Advanced search
Start date
Betweenand

Screening of components of the epigenetic machinery functionally associated with chemoresistance and sensitivity to gemcitabine in pancreatic cancer

Grant number: 18/08189-9
Support type:Regular Research Grants
Duration: July 01, 2018 - June 30, 2020
Field of knowledge:Biological Sciences - Biochemistry
Principal Investigator:Eduardo Moraes Rego Reis
Grantee:Eduardo Moraes Rego Reis
Home Institution: Instituto de Química (IQ). Universidade de São Paulo (USP). São Paulo , SP, Brazil

Abstract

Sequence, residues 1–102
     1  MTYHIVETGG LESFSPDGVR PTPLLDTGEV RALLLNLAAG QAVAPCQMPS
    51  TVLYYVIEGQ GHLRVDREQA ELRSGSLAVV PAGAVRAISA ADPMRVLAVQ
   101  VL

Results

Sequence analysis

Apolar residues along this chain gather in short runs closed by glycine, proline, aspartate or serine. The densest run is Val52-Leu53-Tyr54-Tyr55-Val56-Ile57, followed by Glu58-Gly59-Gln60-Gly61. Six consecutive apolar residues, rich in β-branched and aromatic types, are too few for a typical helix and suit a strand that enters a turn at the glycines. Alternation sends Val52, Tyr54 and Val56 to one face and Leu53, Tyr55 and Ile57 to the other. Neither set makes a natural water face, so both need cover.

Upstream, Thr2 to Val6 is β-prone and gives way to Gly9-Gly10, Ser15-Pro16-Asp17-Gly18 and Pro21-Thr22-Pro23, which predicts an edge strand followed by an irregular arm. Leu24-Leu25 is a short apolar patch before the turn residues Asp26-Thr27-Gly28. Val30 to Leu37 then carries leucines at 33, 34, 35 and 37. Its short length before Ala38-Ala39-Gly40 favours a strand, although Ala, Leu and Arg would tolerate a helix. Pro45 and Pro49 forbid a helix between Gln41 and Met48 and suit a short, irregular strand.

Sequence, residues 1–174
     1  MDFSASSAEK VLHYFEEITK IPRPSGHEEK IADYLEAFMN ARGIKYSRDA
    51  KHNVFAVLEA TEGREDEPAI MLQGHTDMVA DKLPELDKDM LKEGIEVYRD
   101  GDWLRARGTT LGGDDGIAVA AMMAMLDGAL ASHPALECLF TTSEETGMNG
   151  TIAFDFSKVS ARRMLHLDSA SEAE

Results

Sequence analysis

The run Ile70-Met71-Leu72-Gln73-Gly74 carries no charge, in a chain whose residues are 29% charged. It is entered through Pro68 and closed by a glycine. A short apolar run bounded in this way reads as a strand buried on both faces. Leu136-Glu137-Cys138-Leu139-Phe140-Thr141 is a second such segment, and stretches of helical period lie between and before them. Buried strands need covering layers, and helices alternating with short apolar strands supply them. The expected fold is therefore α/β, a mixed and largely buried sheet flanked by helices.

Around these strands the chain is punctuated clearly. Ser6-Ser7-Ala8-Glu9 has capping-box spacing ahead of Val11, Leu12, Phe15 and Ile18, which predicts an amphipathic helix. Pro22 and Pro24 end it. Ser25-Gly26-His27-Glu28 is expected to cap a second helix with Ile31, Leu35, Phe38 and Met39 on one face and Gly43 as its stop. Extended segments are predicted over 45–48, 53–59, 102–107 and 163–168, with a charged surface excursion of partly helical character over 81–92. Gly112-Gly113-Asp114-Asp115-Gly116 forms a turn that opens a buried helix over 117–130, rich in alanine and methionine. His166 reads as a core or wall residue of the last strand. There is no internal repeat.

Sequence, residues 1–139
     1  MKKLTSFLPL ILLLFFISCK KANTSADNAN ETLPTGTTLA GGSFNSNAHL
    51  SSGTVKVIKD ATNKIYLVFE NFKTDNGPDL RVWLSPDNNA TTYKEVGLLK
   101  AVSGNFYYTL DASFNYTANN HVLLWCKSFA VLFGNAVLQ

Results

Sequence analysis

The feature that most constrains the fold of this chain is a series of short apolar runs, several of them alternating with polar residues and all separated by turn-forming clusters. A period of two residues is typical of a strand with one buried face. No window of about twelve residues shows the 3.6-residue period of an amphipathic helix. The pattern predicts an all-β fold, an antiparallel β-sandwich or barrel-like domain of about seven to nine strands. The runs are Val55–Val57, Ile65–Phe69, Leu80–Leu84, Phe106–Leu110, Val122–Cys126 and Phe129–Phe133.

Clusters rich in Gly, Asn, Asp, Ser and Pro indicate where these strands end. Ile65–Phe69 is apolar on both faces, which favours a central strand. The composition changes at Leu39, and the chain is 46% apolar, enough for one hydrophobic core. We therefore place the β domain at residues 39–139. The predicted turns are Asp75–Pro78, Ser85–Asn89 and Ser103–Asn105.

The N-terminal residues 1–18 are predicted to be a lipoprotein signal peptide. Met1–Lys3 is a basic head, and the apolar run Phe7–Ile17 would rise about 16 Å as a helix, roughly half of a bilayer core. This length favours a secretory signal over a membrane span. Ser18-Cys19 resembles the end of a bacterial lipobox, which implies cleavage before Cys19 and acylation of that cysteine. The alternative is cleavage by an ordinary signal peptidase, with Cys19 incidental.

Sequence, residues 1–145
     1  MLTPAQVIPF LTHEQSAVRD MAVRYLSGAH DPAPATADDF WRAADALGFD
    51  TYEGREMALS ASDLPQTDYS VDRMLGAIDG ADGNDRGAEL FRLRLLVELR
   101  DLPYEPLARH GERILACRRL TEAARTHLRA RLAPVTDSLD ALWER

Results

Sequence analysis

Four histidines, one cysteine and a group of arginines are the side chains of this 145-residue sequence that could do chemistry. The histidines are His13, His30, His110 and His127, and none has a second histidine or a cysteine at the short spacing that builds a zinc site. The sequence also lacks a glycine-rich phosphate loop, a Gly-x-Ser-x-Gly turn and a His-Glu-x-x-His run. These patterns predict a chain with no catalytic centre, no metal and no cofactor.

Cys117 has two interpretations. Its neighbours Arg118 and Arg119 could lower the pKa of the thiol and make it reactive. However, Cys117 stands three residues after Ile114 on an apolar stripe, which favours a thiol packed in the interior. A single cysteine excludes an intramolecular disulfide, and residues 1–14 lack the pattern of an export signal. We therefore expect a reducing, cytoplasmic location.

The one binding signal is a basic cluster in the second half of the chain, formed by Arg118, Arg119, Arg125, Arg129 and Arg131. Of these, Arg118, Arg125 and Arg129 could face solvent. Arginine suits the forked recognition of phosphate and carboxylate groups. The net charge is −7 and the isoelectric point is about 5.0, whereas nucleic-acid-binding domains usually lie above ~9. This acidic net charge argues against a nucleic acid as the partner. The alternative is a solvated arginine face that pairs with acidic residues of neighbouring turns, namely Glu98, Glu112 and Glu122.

Pancreatic cancer is one of the most lethal neoplasms and only 5% of affected individuals survive more than 5 years after diagnosis, with ductal adenocarcinoma (PDAC) being the most prevalent and aggressive type. Chemotherapy with gemcitabine is the standard treatment protocol for invasive PDAC and is also used as adjuvant therapy after surgical removal of the tumor. However, the clinical benefit of this therapy is extremely limited due to the acquisition of chemoresistance followed by development of metastatic disease. The acquisition of chemoresistance involves different molecular pathways and is associated with other important cellular phenotypic changes (epithelial mesenchymal transition, expression of stem cell markers and stem-like characteristics) that contribute to disease progression. The development of chemoresistance and the resulting establishment of a more aggressive tumor phenotype involve changes in the pattern of gene expression that are maintained after cell division by the action of proteins responsible for the deposition, removal, and reading of chromatin modifications. The importance of epigenetic regulatory mechanisms in cellular homeostasis and the consequences of its deregulation for tumor progression have already been documented in different types of cancer, including PDAC, and is highlighted by the use in the clinic of drugs that act by reversing pro-oncogenic epigenetic marks. However, the contribution of epigenetic regulators to the establishment and maintenance of resistance to gemcitabine is not known yet.Using a functional screening approach, the goal of this proposal is to investigate the existence of epigenetic machinery components that are, not only critical for the survival of PDAC cells, but also for the establishment of gemcitabine resistance. This information will broaden the knowledge about the processes that lead to drug resistance by epigenetic control of gene expression and may also help identify new candidate targets for the treatment of pancreatic cancer. To achieve these goals we will use different cell models from human PDAC, including immortalized lineages and primary cultures derived from patient-derived xenotransplants (PDXs) generated in our laboratory. These cells will be interrogated with a custom library of short hairpin RNAs that target about 300 genes encoding protein components of the epigenetic machinery. Naïve of gemcitabine-resistant tumor cells will be transfected with the library and then maintained in the presence of sub-lethal concentrations of the drug. Analysis of the differential representation of specific shRNAs before and after selection with gemcitabine may reveal genes critical for the survival of PDAC or that sensitize tumor cells to treatment with the drug. The most promising candidate genes will be validated individually in different PDAC lines and in the PDX collection already available for this project. The results will provide original and relevant information about the role played by the epigenetic machinery in the cellular mechanisms of resistance to the main chemotherapeutic agent used to treat PDAC patients. In addition, this project holds the potential to unveil novel promising targets to be explored in combination with gemcitabine in the development of new therapeutic strategies that may increase treatment efficacy and patient survival in pancreatic cancer. (AU)